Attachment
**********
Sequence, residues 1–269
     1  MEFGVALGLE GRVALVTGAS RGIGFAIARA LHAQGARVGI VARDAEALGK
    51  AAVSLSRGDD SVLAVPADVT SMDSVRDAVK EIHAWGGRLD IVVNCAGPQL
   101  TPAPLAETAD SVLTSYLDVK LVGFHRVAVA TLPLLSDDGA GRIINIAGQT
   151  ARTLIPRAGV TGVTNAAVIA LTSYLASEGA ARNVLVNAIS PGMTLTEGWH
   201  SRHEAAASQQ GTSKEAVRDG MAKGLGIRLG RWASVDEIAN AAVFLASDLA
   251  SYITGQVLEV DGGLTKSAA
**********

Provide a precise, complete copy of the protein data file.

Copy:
Sequence, residues 1–269
     1  MEFGVALGLE GRVALVTGAS RGIGFAIARA LHAQGARVGI VARDAEALGK
    51  AAVSLSRGDD SVLAVPADVT SMDSVRDAVK EIHAWGGRLD IVVNCAGPQL
   101  TPAPLAETAD SVLTSYLDVK LVGFHRVAVA TLPLLSDDGA GRIINIAGQT
   151  ARTLIPRAGV TGVTNAAVIA LTSYLASEGA ARNVLVNAIS PGMTLTEGWH
   201  SRHEAAASQQ GTSKEAVRDG MAKGLGIRLG RWASVDEIAN AAVFLASDLA
   251  SYITGQVLEV DGGLTKSAA